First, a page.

At 87, Bob Baumgartner said he has been walking to his mail box three times a day to check for mail. Most days he’s disappointed he made the trip.
“We didn’t get it for a week and we finally got it yesterday and it was about two inches thick,” said Baumgartner.
Bruce Goodman and Greg Eisenbraun have been missing regular mail deliveries and it is particularly troubling to them since they are both retired letter carriers from a nearby suburb.
“I’m still waiting for a lot stuff that should have been here but I’m getting bills that are already past due,” said Greg Eisenbraun.
“I understand COVID is effecting things it’s effecting all the businesses. But the United States mail has to be delivered and they are failing,” said Goodman.
The spokesman for USPS District 1 declined an interview but said in a statement:
“Our workforce, like others, is not immune to the human impacts of the ongoing coronavirus pandemic. We will continue flexing our available resources to match the workload and we are proud of the efforts of postal employees in Elmhurst.”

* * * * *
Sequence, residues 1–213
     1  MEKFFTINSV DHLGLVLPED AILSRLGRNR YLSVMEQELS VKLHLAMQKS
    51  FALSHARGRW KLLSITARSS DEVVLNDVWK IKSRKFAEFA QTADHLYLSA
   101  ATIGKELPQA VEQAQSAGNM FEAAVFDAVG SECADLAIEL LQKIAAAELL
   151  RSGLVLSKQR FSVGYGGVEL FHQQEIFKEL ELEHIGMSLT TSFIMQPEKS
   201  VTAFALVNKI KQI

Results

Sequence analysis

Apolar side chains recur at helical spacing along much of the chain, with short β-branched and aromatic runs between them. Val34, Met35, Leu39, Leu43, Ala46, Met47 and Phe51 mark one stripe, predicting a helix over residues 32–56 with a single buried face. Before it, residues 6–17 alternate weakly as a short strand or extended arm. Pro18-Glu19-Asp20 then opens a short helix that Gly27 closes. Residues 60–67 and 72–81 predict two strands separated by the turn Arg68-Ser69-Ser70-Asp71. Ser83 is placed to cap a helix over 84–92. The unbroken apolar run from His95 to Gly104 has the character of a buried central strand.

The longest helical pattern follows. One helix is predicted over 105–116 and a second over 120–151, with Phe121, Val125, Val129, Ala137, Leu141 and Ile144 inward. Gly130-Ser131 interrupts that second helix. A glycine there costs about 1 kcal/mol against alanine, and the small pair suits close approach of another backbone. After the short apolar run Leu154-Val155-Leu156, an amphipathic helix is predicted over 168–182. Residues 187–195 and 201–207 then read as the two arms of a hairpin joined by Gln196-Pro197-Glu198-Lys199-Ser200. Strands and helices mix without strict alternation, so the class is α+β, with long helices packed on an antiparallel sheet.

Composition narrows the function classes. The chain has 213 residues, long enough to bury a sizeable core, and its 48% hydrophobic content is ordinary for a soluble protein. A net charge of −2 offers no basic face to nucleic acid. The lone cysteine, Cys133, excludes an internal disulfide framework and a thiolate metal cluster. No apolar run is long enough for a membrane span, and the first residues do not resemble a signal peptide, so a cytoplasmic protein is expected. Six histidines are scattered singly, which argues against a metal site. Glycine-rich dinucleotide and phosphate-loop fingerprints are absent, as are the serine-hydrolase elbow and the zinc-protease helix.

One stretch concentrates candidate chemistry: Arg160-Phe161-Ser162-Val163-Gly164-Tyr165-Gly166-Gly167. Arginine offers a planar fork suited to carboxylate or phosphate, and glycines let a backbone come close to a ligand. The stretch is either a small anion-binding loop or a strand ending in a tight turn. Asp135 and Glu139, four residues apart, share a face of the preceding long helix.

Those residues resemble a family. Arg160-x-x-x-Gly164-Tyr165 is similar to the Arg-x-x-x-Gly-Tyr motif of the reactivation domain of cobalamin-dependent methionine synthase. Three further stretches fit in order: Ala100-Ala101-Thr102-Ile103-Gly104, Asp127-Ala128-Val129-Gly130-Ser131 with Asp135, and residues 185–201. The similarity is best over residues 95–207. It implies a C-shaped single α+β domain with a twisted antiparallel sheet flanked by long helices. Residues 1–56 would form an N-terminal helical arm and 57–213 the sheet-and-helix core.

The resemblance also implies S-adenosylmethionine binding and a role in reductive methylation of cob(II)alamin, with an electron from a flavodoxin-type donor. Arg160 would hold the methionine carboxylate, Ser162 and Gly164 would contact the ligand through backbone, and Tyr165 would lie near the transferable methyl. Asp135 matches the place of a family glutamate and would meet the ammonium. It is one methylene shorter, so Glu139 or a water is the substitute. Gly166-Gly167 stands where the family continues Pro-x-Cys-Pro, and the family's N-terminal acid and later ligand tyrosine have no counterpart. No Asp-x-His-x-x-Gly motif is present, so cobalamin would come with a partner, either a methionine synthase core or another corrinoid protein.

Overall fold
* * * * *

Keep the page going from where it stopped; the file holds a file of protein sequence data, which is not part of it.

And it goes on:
As Branch 825 president of the National Association of Letter Carriers, Jay Ricke represents 3,000 letter carriers in the suburbs. Ricke confirmed the Elmhurst station has been hit hard with COVID but maintains there were other issues before the pandemic.
“COVID is a problem but I’ll tell you it’s really a shortage in staff that created this problem,” said Ricke.
According to Ricke, U.S. carriers from other suburbs are being asked to help deliver the Elmhurst routes temporarily but the real solution is hiring more full time carriers.
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